UT student filmmakers present non-fiction shorts at Knoxville Film Festival

Filmmakers and film lovers alike united for the 3rd annual Knoxville Film Festival. The festival was held at Regal Downtown West Cinema 8 from Sept. 17 to Sept. 20. On Saturday, Sept. 19 student filmmakers from UT showcased their non-fiction short films.

//Photo by Ryan McGill

Filmmakers and film lovers alike united for the third annual Knoxville Film Festival. The festival was held at Regal Downtown West Cinema 8 from Sept. 17 to Sept. 20. On Saturday, Sept. 19 student filmmakers from UT showcased their non-fiction short films.

Eight short documentaries were shown by UT Cinema Studies and Art students. Among them was a short entitled, “Mom.” It was written and directed by John McAmis, a junior at UT who created his own animation major.

McAmis created a minimalistic short which focused on objects and landmarks in one shot while his voiceover gave a personal narrative of the heartbreak he has faced in dealing with his strained relationship with his mom.

Alanna Wilkinson found audio tapes of her mother and father when they were dating.  Photo courtesy of Alanna Wilkinson
Alanna Wilkinson found audio tapes of her mother and father’s phone conversations when they were dating which sparked her idea for her short film. Photo courtesy of Alanna Wilkinson

“I kind of made the film with no intention of showing it to a large number of people,” McAmis said.

For McAmis, making the film was more of a therapeutic process for himself.

“It’s like an angry letter that you write to someone that you’re supposed to tear up,” he said.

Two of the films shown presented medical struggles faced by young children. “Be Brave, Be Strong” by Micah Russell told the story of Russell’s nephew, a young boy with a tumor in his spinal cord. The film depicted the little boy’s chemo treatments and his journey on the road to recovery.

Deja Lytle, a sophomore at UT, enjoyed watching the short documentary.

“A lot of the time when I hear the story of a sick person, it’s just this is what they have and this is what they are doing,” Lytle said. “This film felt more personal. I could see a kid going through this thing, but he also loved Spiderman and playing. It wasn’t just about his sickness.”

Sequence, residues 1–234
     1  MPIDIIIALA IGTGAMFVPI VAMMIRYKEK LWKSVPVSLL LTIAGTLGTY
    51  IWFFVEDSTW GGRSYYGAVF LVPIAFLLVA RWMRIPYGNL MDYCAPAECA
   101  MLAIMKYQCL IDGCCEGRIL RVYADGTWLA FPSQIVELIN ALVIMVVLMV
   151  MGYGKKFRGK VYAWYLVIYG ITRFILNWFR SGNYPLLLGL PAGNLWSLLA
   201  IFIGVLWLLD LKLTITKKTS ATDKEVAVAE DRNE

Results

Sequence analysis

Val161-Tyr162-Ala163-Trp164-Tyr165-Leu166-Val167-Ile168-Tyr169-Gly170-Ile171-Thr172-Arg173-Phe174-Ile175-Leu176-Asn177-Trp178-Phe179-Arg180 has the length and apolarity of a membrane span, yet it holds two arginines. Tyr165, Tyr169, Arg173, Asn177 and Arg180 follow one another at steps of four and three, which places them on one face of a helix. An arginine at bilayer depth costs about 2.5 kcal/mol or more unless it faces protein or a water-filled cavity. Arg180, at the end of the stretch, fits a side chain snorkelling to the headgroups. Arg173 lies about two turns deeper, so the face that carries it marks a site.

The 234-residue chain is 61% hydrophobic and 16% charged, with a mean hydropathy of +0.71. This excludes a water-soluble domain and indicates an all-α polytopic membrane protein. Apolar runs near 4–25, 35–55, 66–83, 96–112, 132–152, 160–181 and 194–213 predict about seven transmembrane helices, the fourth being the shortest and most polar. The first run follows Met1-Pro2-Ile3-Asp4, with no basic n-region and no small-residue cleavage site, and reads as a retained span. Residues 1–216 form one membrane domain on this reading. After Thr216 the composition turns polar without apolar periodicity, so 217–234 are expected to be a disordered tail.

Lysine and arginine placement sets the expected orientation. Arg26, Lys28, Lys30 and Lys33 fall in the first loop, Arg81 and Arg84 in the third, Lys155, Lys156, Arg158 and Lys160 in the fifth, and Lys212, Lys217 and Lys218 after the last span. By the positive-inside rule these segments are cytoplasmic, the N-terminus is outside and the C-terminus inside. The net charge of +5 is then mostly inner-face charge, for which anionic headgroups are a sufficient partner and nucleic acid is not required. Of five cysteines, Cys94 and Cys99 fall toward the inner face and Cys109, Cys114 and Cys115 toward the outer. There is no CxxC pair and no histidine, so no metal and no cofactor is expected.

While most of the films contained heavy subjects, some were more lighthearted. Alanna Wilkinson created a short using audio tapes that she found of her mother and father when they were first dating. The film depicts a history of their relationship and how her mother moved to America from the Philippines to marry her father.

“I was taking a more narrative approach with my film,” Wilkinson said. “True love is often seen as an unreachable thing, but I wanted to tell their story to show that true love is actually not a myth.”

After the films were shown, the student filmmakers got to answer questions from the audience.

“I hope that the audience walked away with some kind of relation to the story,” Wilkinson said. “Whether they came from an immigrant family or not, there’s still an underlying theme of love, and I feel like that is something everyone can relate to in one sense or another.”

The film festival concluded Sunday with a screening of the festival’s best documentary short and best documentary feature as well as best Tennessee film, narrative short and narrative feature.

For a list of this year’s winners check out the festival’s website by clicking here.

Featured Image by Ryan McGill

Edited by Hannah Hunnicutt

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Food aficionado, Jessica Carr, believes her passion for food first began while learning to cook Asian and southern cuisine with her mom. Now a senior journalism major at the University of Tennessee, Carr combines her love for writing and food by cultivating restaurant reviews through her blog. As newly appointed Editor-in-chief of the Tennessee Journalist, the official news website for UT's School of Journalism, Carr plans to build experience and one day be the editor of a food magazine. When she isn’t writing, she’s most likely in a theater enjoying the latest indie film.